“You know, this used to be a helluva good country. I can’t understand what’s gone wrong with it.” – George Hanson
I originally was going to write about the year 1969 in film, but with the recent passing of Peter Fonda (in August) I turned my thoughts toward Fonda and Easy Rider.
It’s hard to believe that in Quentin Tarantino’s recent ode to 1969, Once Upon a Time in Hollywood, that neither Peter Fonda nor Dennis Hopper did not get a mention. Both are icons of the period. Though born into Hollywood royalty, Peter Fonda embraced the spirit of the sixties rebellion. He could have easily followed the path other Hollywood offspring and become a typical Hollywood idol in the tradition of Michael Douglas or Nancy Sinatra, instead, Fonda grew his hair long, rebelled, and became a symbol of the growing counterculture.
In 1965, Fonda met The Beatles at a home rented by Brian Epstein and tripped on acid with John Lennon and George Harrison. During the episode Fonda began talking about his near-fatal self-inflicted gunshot wound and telling Harrison he knew what it was like to be dead inspiring the Lennon-McCartney song She Said, She Said.
Fonda’s film career after a few minor straight low-budget films like The Young Lovers and Tammy and the Bachelor along a series of TV show turned more toward his counterculture roots with films like The Wild Angels and The Trip in part thanks to his friendship with Roger Corman. Then came 1969 and Easy Rider. Fonda and Hopper first worked together in Roger Corman’s The Trip, written by Jack Nicholson. Easy Rider is a modern-day western with motorcycles instead of horses. They were outlaws antiheroes, and they went looking for America. They found it at the end of a shotgun used by two rednecks.
Written by Fonda, Hopper and Terry Southern, and directed by Hopper, Easy Rider shook the Hollywood establishment where it hurt… in their financial pockets. There was a youth market out there with money to spend and they wanted a piece of the action. The film became a counterculture classic, the rock soundtrack, the first to use a playlist of previously recorded songs (Born to be Wild, The Pusher, and Wasn’t Born to Follow). Other films used rock-and-roll songs going as far back as The Blackboard Jungle (955) with Rock Around the Clock in its opening credits. The Graduate used a rock soundtrack with Simon and Garfunkel songs, but Easy Rider was the first to do a complete soundtrack. Other filmmakers followed using a rock soundtrack like Martin Scorsese in Mean Streets. Today, of course, many filmmakers have followed. Easy Rider grossed over sixty million dollars on a budget of less than $400,000. Hollywood listened and willingly opened its pocketbooks to untried, young directors.
Hollywood didn’t just change in 1969, it was a gradual shift because of a variety of situations: the loosening of the Production Code, a new breed of actors and filmmakers. Films like Who’s Afraid of Virginia Wolfe, The Graduate, Rosemary’s Baby, and Bonnie & Clyde helped pushed the change. But it was in 1969 that the Hollywood establishment really took notice.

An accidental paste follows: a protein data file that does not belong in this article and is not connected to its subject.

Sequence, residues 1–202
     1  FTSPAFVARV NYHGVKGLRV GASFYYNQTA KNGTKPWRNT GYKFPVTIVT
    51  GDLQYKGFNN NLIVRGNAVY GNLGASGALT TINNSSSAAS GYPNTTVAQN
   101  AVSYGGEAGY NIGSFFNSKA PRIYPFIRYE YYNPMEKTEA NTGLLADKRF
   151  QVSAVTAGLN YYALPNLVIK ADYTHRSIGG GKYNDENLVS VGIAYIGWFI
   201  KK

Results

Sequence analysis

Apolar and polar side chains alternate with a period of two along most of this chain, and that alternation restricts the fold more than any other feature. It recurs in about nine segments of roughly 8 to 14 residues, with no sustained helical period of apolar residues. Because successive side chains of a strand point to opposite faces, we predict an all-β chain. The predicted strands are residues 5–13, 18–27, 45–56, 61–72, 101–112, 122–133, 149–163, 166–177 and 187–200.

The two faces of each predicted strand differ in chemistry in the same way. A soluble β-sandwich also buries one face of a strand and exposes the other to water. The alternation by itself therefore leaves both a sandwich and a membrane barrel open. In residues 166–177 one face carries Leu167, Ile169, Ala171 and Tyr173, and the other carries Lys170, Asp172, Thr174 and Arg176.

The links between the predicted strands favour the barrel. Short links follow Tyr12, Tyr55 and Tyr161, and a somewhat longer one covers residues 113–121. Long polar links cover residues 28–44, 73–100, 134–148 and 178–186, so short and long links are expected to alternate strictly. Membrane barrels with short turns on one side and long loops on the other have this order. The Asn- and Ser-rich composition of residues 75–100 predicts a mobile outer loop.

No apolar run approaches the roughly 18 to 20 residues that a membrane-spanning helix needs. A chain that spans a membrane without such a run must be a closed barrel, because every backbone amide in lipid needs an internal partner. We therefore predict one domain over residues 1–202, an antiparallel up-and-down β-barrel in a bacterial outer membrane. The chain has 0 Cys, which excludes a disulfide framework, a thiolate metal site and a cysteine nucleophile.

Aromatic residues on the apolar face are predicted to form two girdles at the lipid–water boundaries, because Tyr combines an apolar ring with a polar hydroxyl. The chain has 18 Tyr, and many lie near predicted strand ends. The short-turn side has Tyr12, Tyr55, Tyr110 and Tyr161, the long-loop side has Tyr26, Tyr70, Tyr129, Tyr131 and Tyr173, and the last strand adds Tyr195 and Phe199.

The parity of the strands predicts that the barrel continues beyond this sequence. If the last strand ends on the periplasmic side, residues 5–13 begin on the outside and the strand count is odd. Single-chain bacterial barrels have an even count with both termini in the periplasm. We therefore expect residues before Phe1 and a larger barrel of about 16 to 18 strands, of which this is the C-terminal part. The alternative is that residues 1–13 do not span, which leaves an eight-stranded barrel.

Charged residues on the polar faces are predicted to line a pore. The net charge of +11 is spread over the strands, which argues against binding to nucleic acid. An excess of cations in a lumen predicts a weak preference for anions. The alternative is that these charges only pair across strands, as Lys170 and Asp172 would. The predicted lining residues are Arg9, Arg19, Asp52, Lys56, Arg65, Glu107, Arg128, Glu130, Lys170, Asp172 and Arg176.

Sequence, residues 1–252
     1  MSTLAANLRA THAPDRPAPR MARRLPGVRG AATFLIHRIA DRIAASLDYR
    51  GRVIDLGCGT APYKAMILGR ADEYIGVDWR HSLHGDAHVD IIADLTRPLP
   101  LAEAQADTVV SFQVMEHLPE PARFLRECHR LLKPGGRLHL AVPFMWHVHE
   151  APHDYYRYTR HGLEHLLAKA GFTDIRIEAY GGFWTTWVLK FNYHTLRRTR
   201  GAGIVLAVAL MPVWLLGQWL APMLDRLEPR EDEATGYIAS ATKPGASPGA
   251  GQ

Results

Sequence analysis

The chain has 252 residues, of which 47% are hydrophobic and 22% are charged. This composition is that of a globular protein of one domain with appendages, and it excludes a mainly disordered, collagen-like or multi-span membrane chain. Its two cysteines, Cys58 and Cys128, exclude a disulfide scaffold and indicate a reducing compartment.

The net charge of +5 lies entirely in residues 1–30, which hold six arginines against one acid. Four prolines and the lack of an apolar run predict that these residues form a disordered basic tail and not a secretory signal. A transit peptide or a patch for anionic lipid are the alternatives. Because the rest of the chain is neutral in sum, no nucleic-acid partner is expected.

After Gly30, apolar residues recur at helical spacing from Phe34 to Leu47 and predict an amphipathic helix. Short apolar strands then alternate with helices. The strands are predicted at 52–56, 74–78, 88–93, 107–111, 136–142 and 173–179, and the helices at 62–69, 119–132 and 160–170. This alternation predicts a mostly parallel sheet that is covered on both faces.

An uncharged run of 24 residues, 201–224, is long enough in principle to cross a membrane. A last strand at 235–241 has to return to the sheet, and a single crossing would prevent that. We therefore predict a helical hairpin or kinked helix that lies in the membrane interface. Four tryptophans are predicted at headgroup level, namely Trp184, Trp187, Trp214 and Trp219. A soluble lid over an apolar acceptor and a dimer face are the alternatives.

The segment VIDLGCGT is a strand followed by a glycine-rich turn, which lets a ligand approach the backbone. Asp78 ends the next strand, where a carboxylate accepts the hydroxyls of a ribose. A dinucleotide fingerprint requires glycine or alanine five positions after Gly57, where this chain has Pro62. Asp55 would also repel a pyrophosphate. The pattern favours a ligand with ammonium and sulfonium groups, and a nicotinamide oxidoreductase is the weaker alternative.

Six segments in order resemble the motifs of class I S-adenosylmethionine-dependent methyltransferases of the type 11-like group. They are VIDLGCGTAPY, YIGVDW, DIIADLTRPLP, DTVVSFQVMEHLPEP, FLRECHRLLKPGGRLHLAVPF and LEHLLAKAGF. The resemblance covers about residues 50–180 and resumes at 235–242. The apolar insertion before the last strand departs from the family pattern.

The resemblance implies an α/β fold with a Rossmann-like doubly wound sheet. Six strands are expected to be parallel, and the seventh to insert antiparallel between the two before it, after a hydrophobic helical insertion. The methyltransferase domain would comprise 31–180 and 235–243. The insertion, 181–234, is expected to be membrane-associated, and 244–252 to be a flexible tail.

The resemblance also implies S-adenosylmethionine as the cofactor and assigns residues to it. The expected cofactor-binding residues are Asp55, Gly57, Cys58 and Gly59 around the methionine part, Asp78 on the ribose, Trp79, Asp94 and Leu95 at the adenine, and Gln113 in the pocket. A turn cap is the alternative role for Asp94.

1969 was historical in many ways, both good and bad. The good included man landing on the moon and the Woodstock festival. The bad included the Manson Murders and the ever-escalating war in Vietnam. Old Hollywood just didn’t roll over and play dead, there were still plenty of glossy stale Hollywood films like Hello Dolly, The Bridge at Remagen, and Goodbye Mr. Chips. John Wayne even managed to win an Oscar for True Grit, but it was the more edgy films taking advantage of the new freedom that raised 1969 to a great year: Medium Cool, Midnight Cowboy, They Shoot Horses, Don’t They? Bob and Carol and Ted and Alice, Last Summer, The Wild Bunch, Butch Cassidy and the Sundance Kid, and Easy Rider.
Music played an important part in the film’s success. Steppenwolf’s Born to be Wild sets the style during the opening credits as we see Wyatt and Billy riding in the open spaces. A similar scene with The Byrds Wasn’t Born to Follow playing reflects the free-spirited atmosphere. Many songs on the soundtrack comment or maybe a better word is compliment what we watched on screen. It was groundbreaking.
You can’t talk about Easy Rider without mentioning Jack Nicholson who played the alcoholic ACLU lawyer, George Hanson. It was his breakout role. Nicholson had been around the Hollywood industry in low-budget films making his debut in The Cry Baby Killer (1958). For years, Nicholson labored in the low budget world of Roger Corman in films like The Little Shop of Horrors, The Raven, The Terror, and The St. Valentine’s Massacre. Nicholson also made two now offbeat classic westerns directed by Monte Hellman (The Shooting and Ride the Whirlwind). There were others, but it wasn’t until his appearance in Easy Rider that he made his mark and went on to make a series of classic films that will be remembered and admired for years.
This is my contribution to the CMBA 10th Anniversary Blogathon. You can check out more fantastic blogs participating in the celebration by clicking here.